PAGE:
When you combine great content with a strong connection with the audience, you have the recipe for a great presentation. Content alone rarely works because it doesn’t necessarily give the audience a reason to listen.
Knowing this, here are a few questions the teacher must answer for their audience in the first five minutes of the presentation: “Why should I listen?” “What’s at stake if I don’t?” “What compelling problem will this solve in my life?”
The great news if you have this voice is that you have strong content. Leverage this strength and avoid the weakness by answering these questions in the preparation process. It’s how you’ll make your next presentation your best one yet.
Example: Coach John Wooden
When you combine great content with a strong connection with the audience, you have the recipe for a great presentation. Click To Tweet
2. The Motivator
The Voice of the Motivator is action-oriented with personal change as the goal. In many ways, the voices of the Teacher and Motivator are the complete opposite. For example, the first 5 – 10 minutes of a presentation for a Motivator is easy. They lean into their natural gifting as a communicator. They quickly engage the crowd and bring energy to the presentation.
However, if they aren’t careful, as the presentation moves along the energy and connection begins to wane. The reason for this is that those with the Motivator voice can lean more on inspiration and less on content and clarity.
When I coach leaders, I can usually tell whether a leader who has this voice has done the hard work of preparation by around the 10 – 15 minute mark. At this point, they are into the content portion and this is where the weakness of this voice begins to grow.
It’s why I ask leaders with the Motivator voice to work twice as hard on the middle section of their presentations. To do this, here are a few questions a motivator must answer in the preparation process: “What do I want the audience to do with this information?” “Are the action steps clear?” “Am I combining motivation with helpful content?”
Example: Oprah Winfrey
The Voice of the Motivator is action-oriented with personal change as the goal.Click To Tweet
3. The Storyteller
The Voice of the Storyteller is engaging, with emotional connection with the crowd as the goal. So many of history’s best communicators had the voice of the storyteller. As you well know, stories are often more memorable than content. In fact, Dan and Chip Heath in their book, Made to Stick, encourage presenters to focus primarily on stories.
The Voice of the Storyteller is engaging, with emotional connection with the crowd as the goal.Click To Tweet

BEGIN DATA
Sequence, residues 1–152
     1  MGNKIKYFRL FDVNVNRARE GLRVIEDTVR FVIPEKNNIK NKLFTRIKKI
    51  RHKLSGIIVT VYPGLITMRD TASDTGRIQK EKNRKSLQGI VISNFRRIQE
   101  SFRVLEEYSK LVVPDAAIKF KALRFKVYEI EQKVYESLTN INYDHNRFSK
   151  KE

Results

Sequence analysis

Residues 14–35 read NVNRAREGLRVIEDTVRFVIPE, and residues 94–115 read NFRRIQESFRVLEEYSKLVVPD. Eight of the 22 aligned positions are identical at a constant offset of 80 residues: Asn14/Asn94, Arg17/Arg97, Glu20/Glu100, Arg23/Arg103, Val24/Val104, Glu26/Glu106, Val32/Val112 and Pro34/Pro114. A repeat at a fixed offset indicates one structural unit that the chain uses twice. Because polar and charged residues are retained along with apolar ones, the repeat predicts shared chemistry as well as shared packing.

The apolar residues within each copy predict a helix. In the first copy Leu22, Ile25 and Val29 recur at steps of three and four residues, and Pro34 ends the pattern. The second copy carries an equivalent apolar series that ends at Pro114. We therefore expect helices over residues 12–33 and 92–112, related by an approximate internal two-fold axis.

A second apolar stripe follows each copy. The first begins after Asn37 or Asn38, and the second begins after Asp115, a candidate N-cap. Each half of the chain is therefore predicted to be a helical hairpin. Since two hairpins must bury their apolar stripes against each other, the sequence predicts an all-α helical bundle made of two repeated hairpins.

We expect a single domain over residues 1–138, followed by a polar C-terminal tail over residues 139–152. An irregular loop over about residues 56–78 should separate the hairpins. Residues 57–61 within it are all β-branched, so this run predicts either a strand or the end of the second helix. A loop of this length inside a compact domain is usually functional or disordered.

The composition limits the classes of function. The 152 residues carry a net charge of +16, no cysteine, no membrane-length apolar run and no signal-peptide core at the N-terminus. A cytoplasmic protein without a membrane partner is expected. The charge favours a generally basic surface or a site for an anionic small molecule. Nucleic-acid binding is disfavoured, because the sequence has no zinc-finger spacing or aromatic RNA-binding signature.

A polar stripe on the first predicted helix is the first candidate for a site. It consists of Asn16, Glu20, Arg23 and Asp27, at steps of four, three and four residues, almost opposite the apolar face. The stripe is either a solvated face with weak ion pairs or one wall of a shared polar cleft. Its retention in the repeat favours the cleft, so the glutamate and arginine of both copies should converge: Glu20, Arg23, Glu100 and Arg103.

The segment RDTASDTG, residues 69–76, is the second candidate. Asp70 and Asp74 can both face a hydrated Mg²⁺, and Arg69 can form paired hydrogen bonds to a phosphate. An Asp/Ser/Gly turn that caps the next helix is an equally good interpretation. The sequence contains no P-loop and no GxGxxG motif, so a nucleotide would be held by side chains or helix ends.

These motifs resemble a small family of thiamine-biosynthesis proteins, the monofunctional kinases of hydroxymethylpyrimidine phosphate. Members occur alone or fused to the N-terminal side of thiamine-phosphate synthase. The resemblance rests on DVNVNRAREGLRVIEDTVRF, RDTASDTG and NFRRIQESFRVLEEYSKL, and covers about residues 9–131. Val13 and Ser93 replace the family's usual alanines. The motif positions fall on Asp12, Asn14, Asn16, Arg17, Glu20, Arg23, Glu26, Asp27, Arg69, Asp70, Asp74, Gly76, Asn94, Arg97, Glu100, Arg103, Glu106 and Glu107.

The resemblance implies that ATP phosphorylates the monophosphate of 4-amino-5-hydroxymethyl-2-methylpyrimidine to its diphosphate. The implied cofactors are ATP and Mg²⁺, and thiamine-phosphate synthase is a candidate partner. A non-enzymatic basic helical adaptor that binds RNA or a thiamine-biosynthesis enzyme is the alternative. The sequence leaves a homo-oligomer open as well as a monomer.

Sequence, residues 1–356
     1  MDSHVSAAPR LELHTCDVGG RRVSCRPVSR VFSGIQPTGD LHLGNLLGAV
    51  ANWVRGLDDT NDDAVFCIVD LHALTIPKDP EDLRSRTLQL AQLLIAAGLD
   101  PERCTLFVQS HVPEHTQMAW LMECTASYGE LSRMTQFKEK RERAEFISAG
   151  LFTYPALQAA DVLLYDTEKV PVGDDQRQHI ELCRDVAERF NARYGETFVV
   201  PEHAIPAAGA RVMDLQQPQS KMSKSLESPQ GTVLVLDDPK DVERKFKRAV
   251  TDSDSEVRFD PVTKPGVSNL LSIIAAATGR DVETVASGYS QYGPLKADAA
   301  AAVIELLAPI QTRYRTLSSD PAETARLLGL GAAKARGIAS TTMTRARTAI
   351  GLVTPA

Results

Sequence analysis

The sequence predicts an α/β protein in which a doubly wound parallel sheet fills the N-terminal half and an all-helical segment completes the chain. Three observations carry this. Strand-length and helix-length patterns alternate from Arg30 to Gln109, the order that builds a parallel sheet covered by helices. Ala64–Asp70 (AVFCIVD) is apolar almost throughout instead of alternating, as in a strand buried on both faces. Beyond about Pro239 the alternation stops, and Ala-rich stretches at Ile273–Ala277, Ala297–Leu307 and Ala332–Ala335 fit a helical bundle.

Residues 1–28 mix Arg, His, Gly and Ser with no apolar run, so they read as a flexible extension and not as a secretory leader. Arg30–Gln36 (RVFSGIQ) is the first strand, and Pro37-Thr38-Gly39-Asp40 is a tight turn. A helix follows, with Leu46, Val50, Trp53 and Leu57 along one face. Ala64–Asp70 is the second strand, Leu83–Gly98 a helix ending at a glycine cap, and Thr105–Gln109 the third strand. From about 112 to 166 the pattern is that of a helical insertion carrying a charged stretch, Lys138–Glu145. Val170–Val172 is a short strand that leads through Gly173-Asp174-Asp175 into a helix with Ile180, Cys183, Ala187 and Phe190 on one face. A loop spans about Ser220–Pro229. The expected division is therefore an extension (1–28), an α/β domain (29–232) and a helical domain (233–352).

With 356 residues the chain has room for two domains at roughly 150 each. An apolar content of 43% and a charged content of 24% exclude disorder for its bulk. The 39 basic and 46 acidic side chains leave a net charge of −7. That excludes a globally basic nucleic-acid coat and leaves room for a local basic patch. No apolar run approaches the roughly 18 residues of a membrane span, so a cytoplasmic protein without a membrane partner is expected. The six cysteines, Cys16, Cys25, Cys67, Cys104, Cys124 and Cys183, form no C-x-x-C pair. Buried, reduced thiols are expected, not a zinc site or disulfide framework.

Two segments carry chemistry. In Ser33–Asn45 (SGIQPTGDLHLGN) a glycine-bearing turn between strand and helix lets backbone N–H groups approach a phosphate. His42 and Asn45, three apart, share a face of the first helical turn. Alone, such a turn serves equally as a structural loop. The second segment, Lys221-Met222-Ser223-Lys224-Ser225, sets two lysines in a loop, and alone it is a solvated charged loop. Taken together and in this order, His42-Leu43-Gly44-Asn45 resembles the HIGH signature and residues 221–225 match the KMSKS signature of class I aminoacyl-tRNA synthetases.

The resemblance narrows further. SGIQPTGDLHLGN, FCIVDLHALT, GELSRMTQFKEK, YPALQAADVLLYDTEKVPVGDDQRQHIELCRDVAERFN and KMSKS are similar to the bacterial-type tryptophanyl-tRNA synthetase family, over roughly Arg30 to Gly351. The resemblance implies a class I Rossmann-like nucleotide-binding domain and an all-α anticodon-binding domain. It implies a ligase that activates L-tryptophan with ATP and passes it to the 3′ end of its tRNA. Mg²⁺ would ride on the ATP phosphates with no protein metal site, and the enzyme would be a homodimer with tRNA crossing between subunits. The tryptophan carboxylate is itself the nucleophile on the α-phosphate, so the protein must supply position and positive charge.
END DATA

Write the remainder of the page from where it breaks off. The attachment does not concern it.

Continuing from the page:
If this voice is your strength, you have a huge advantage on the rest of us because you can easily draw your audience into your presentation.
However, like the other voices this one has a weakness to avoid.
The weakness of the Storyteller can often be a lack of direction and clarity regarding the purpose of the presentation. If you’re not careful, it can seem like you’re just sharing stories with no purpose.
This is why the Storyteller must have a clear destination and purpose for the talk. During the preparation process they must answer questions such as, “How does this story connect to my message?” “Where am I taking the audience?” “What is the message that these stories illuminate and illustrate?”
Example: Abraham Lincoln
The weakness of the Storyteller can often be a lack of direction and clarity regarding the purpose of the presentation.Click To Tweet
4. The Visionary
The Voice of the Visionary is inspiring with organizational/world change as the goal.
Visionary leaders have a way of helping us see something that currently doesn’t exist. They turn good intention into reality. They help change the world and part of the way they do it is through communication and presentations.
The weakness of the Visionary voice is clearly articulating the how behind the why of the change. This is tricky because so often the how is unclear, which is understandable. However, if over time, there is no substantial way to help turn the intention into reality, the talk simply becomes rhetoric.
The question the visionary must ultimately answer is, “How are we going to accomplish this?” “What are we going to do to bring about these results?” “What is our plan of action?”
Example: Martin Luther King, Jr.
Now that you know the strengths and weaknesses of the Four Presenter Voices, the next step is to take the test. Once you have determined your voice, apply that to your next presentation. As you do, you will take a big step toward making that next presentation your best presentation.
The Voice of the Visionary is inspiring with organizational/world change as the goal.Click To Tweet
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If you are someone who communicates from the stage, what are you doing to constantly improve?
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Which type of communicator are you?
I’d love to hear where this shows up in your leadership.
Leave a comment below and let me know!